The domestic Nandina
Evergreen shrub native to Asia, very rustic, well adapted to the Italian climate, and generally European. From a robust root system, thin woody stems are produced, which at the apex bear large clumps of large pinnate leaves, made up of thin lanceolate leaflets, dark green in color, and with a stiff and fairly leathery consistency; in general the plants produce more neighboring stems, so as to give rise to a round, very dense and compact shrub. In spring at the apex of the stems small white flowers bloom, gathered in long panicles, often arched. In summer and autumn the flowers give way to numerous small bright red berries, which remain on the plant until the following spring. An adult shrub of nandina domestic can reach 150-180 cm in height.
The young shoots are generally reddish, during the winter they tend to become completely red; there are many hybrid varieties or cultivars of nandina, some have a particularly compact habit, not exceeding 35-40 cm in height, others have constantly red or orange foliage.
They are very suitable plants to be cultivated as single specimens, or in colored hedges; the dwarf varieties are also used in the borders or in the mixed border.
It is a very vigorous and rustic shrub that does not fear winter cold. It loves sunny or semi-shady locations, in an excessively shaded place it tends not to bloom or produce colored foliage, the whole plant takes on a dark green color.
It is placed in a good fresh and rich soil, even if it tends to develop in almost any soil, provided it is well drained and does not remain wet for long; it can withstand periods of drought without problems, especially if it has been for a long time.
The specimens recently settled prefer instead to be watered during the summer, especially in case of prolonged drought.
It can happen, in areas with very cold winters, that the plant loses part of the foliage, even if this does not compromise the spring vegetative growth.
At the end of winter, usually shrubs are fertilized by burying mature manure or humus at the foot of the stem; if desired it is also possible to use for fertilizing a slow release granular fertilizer, which will gradually dissolve over a few months.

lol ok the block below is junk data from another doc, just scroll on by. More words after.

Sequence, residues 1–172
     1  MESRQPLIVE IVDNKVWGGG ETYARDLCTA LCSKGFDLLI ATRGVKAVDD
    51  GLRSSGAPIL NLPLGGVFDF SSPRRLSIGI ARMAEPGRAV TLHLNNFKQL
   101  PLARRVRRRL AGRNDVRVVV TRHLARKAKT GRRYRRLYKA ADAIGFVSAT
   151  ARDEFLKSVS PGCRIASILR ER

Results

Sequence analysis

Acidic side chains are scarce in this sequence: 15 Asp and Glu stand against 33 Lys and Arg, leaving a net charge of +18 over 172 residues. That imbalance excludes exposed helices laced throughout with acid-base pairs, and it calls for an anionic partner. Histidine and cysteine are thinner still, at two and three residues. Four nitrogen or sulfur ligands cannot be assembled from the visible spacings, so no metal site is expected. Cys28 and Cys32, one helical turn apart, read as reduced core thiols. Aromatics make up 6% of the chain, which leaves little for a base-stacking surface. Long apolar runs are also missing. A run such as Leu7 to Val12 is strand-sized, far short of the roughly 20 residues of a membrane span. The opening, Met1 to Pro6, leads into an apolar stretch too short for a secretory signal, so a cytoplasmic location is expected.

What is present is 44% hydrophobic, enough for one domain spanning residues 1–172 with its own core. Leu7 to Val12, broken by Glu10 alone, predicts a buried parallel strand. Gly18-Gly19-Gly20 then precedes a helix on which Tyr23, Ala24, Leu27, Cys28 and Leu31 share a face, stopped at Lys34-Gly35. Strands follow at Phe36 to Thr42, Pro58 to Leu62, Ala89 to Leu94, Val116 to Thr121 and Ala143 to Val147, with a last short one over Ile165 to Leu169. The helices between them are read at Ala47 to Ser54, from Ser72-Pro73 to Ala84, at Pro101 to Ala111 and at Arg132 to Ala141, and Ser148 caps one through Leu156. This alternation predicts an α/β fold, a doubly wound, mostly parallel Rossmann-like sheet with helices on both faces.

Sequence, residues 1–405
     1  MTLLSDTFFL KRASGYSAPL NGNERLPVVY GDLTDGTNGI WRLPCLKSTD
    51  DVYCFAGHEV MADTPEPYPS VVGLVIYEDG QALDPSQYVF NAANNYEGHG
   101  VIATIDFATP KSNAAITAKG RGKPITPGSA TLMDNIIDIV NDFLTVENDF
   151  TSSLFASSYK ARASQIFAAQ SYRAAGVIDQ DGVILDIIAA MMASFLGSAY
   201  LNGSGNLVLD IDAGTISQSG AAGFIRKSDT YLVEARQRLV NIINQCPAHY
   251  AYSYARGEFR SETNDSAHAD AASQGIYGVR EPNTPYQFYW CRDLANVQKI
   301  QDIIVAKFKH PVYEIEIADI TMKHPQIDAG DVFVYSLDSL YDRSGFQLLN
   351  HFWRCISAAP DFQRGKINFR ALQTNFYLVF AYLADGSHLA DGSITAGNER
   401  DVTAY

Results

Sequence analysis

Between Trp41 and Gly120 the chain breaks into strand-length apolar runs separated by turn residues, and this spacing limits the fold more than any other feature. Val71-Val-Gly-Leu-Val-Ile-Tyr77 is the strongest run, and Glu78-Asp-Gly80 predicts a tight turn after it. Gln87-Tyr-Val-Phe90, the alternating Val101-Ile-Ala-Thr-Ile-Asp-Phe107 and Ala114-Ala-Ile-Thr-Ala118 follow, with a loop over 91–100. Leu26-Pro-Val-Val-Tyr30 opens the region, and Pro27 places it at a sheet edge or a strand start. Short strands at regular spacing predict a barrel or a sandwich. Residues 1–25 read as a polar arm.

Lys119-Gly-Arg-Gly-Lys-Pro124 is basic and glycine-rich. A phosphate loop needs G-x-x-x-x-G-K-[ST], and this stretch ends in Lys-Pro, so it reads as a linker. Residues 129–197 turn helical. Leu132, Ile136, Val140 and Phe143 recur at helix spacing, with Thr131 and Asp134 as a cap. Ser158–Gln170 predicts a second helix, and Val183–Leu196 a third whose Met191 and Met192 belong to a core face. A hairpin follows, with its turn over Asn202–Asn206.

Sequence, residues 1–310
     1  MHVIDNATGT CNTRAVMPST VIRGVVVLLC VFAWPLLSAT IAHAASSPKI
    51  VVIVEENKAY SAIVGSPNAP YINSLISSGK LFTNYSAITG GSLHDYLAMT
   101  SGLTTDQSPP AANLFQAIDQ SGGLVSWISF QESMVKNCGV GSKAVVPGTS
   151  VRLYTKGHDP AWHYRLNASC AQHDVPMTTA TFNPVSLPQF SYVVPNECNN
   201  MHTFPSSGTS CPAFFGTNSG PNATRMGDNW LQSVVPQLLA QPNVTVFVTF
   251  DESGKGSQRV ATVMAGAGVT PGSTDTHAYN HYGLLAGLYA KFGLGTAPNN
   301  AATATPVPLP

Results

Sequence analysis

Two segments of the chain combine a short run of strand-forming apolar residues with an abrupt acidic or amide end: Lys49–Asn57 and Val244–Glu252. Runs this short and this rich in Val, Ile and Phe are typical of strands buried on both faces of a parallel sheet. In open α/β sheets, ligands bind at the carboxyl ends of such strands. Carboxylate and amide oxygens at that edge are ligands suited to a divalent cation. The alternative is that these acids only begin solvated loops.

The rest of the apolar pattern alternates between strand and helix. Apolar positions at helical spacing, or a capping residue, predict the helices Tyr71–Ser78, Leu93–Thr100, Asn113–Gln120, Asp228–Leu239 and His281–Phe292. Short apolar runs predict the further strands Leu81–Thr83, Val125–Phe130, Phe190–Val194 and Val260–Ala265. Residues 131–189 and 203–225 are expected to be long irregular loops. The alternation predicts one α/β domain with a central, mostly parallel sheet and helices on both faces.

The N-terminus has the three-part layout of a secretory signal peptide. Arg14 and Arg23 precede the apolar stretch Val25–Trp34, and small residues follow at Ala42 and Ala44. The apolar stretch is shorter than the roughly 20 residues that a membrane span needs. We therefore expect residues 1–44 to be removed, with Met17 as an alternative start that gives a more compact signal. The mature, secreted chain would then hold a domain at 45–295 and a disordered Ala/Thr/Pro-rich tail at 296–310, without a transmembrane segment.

Generally these plants do not need pruning, although it may be useful to remove the branches that carried the berries, once they have fallen.
In any case, they are healthy and rustic shrubs, which are not generally affected by pests or diseases; sometimes, in case of prolonged drought, the foliage can be attacked by mites, without this actually ruining the plants significantly.
The sacred bamboo
At first glance nandine remember the bamboos in their development; in China and part of Asia Nandina is called sacred bamboo, and is therefore planted near the temples; it is believed to be a lucky plant, so it is very common in cultivation.
It is also widely used to produce bonsai, even if it is certainly an essence suitable for the experts of this art, to be advised against by a neophyte, due to the large foliage. Moreover, in areas with a warm climate, the domestic nandina as well as the bamboo can invade and extend throughout the garden, both through seeds and through its roots that are difficult to tear and eliminate. For this reason, some absolutely advise against this plant while others (most gardeners) say it is one of the best ornamental species for the garden!
Nandina - Nandina domestica: Multiplication
As for the multiplication, we must affirm that it is very simple to propagate the nandina; if we have a specimen of the type species we can try to sow the small seeds contained in the berries, even if often these seeds are not fertile; in the case of particular varieties this operation can also be avoided, given that even if they sprouted, we would not be sure of the appearance of the plant then obtained, hardly equal to the mother plant. The most suitable propagation method is the semi-woody cutting, to be practiced in late spring or late summer: the tips of the branches are taken, and to them most of the leaves are removed, taking care also to shorten the last remaining leaves; then bury the cuttings in a good damp and cool soil, to keep in a shady place, and to water frequently.